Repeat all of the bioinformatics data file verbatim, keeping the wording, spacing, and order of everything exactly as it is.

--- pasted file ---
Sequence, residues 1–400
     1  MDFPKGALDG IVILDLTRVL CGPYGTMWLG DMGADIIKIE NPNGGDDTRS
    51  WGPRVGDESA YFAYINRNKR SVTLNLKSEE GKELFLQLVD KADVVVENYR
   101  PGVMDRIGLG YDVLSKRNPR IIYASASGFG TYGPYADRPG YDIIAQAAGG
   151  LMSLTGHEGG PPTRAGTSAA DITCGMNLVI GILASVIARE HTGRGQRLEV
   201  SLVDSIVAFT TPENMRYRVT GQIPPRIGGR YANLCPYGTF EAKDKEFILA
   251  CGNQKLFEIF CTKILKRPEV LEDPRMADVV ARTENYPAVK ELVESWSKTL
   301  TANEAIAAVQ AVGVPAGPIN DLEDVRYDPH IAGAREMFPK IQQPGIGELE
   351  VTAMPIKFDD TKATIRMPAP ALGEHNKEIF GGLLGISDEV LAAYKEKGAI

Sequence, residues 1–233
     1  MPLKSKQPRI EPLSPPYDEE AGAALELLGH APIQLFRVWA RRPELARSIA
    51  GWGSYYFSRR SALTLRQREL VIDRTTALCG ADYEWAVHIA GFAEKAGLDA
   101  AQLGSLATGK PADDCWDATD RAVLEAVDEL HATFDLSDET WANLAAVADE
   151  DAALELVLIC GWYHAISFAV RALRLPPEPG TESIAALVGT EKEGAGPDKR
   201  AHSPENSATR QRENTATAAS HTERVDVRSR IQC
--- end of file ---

Sequence, residues 1–400
     1  MDFPKGALDG IVILDLTRVL CGPYGTMWLG DMGADIIKIE NPNGGDDTRS
    51  WGPRVGDESA YFAYINRNKR SVTLNLKSEE GKELFLQLVD KADVVVENYR
   101  PGVMDRIGLG YDVLSKRNPR IIYASASGFG TYGPYADRPG YDIIAQAAGG
   151  LMSLTGHEGG PPTRAGTSAA DITCGMNLVI GILASVIARE HTGRGQRLEV
   201  SLVDSIVAFT TPENMRYRVT GQIPPRIGGR YANLCPYGTF EAKDKEFILA
   251  CGNQKLFEIF CTKILKRPEV LEDPRMADVV ARTENYPAVK ELVESWSKTL
   301  TANEAIAAVQ AVGVPAGPIN DLEDVRYDPH IAGAREMFPK IQQPGIGELE
   351  VTAMPIKFDD TKATIRMPAP ALGEHNKEIF GGLLGISDEV LAAYKEKGAI

Sequence, residues 1–233
     1  MPLKSKQPRI EPLSPPYDEE AGAALELLGH APIQLFRVWA RRPELARSIA
    51  GWGSYYFSRR SALTLRQREL VIDRTTALCG ADYEWAVHIA GFAEKAGLDA
   101  AQLGSLATGK PADDCWDATD RAVLEAVDEL HATFDLSDET WANLAAVADE
   151  DAALELVLIC GWYHAISFAV RALRLPPEPG TESIAALVGT EKEGAGPDKR
   201  AHSPENSATR QRENTATAAS HTERVDVRSR IQC